Once introduced, the new section 47A of the Banking Act will oblige a bank in Singapore to comply with whatever requirements MAS sets out in a written notice, before the bank obtains or receives a relevant service.
The expression “relevant service” is defined in section 47A(12) of the Banking Act as any service obtained or received by the bank, other than a service that is provided in the course of employment by an employee or a service provided by a director or officer in the course of that director’s or officer’s appointment.
By contrast, the Guidelines apply only to an arrangement that is an outsourcing arrangement, this term being defined as an arrangement in which a service provider provides the institution with a service that may currently or potentially be performed by the institution itself and which includes the following characteristics:
(a) the institution is dependent on the service on an ongoing basis; and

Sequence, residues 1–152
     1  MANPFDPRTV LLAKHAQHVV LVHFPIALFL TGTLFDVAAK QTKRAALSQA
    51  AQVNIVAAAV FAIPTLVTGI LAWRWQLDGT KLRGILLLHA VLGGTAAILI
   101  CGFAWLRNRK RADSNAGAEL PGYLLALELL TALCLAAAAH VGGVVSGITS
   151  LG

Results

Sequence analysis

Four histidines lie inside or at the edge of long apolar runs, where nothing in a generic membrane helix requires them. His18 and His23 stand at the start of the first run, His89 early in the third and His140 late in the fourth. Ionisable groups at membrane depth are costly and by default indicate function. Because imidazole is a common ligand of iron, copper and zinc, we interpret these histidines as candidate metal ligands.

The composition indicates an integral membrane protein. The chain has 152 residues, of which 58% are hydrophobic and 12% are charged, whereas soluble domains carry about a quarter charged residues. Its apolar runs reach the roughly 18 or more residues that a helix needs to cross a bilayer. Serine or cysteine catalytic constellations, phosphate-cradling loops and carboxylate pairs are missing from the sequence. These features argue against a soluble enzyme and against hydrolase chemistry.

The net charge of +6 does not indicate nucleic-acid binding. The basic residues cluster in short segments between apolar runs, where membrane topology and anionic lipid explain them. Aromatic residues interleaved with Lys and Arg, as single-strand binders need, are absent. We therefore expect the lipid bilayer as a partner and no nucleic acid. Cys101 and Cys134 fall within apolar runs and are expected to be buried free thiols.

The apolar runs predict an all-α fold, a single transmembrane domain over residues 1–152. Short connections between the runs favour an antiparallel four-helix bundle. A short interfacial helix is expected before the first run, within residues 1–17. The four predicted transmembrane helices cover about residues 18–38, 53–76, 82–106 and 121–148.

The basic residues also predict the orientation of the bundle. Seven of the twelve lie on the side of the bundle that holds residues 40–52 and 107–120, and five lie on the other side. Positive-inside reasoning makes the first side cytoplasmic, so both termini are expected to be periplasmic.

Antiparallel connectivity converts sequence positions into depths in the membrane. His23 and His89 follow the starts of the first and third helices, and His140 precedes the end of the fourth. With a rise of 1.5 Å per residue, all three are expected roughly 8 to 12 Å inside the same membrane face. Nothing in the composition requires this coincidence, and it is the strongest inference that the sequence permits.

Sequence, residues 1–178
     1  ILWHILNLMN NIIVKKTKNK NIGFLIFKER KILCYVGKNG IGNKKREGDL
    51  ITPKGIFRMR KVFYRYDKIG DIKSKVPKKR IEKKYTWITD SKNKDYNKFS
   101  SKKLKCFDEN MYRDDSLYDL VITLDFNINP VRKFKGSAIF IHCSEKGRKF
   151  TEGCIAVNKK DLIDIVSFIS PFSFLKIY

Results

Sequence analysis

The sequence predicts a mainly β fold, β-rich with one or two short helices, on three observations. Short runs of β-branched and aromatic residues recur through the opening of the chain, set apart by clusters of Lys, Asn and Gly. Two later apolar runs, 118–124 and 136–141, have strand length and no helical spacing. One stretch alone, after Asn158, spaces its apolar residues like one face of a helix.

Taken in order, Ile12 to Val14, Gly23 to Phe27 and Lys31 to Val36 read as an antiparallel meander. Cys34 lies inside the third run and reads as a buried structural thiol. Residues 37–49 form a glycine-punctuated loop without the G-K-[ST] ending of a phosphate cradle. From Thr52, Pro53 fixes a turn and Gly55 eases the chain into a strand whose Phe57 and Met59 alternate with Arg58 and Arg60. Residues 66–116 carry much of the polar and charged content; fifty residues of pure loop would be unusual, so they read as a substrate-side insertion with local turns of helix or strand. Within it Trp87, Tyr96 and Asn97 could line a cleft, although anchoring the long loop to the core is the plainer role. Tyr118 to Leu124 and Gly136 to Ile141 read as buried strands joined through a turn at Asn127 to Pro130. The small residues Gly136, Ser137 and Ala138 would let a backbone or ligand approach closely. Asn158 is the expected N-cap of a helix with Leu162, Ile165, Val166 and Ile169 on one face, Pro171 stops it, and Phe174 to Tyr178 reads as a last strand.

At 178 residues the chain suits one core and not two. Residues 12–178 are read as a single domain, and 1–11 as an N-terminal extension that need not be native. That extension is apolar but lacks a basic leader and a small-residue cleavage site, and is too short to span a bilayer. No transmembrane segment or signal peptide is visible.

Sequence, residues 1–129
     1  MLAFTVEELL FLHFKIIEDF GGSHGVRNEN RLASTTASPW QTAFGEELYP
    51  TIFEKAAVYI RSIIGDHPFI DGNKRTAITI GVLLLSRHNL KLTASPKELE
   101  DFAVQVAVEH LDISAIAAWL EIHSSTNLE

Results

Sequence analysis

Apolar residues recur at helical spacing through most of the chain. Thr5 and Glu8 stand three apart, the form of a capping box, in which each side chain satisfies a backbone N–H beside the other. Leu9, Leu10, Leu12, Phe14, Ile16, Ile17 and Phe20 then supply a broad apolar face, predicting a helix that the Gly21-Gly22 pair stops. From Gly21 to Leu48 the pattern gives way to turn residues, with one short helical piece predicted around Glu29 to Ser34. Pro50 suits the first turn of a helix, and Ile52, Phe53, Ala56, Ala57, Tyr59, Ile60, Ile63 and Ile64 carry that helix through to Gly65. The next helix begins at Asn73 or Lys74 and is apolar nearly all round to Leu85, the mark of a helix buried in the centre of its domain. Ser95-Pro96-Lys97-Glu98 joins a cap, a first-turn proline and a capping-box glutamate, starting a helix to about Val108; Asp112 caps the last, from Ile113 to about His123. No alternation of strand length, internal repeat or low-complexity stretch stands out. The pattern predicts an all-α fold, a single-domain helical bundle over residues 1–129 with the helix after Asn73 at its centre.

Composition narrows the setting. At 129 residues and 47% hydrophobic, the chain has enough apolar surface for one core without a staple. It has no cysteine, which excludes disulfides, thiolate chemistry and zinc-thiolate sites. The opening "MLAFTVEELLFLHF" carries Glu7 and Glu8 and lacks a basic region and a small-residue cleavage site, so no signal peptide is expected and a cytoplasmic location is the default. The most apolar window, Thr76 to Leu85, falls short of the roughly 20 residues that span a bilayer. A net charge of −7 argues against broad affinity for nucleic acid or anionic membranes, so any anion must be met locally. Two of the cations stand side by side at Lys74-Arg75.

(b) the service is integral to the provision of a financial service by the institution or the service is provided to the market by the service provider in the name of the institution.
Broken down into its component, in order for an arrangement to constitute an outsourcing arrangement to which the Guidelines would then apply, and assuming for present purposes that the financial institution is a bank, the arrangement must satisfy three elements:
Firstly, the service provided by the service provider to the bank must be one that may currently or potentially be performed by the bank. This element limits the application of the Guidelines only to those cases where the service being provided is one which the bank could choose to perform in-house itself.
Secondly, the bank must be dependent on the service on an ongoing basis. This element serves to rule out one- off arrangements, such as commissioning a third party to conduct a study.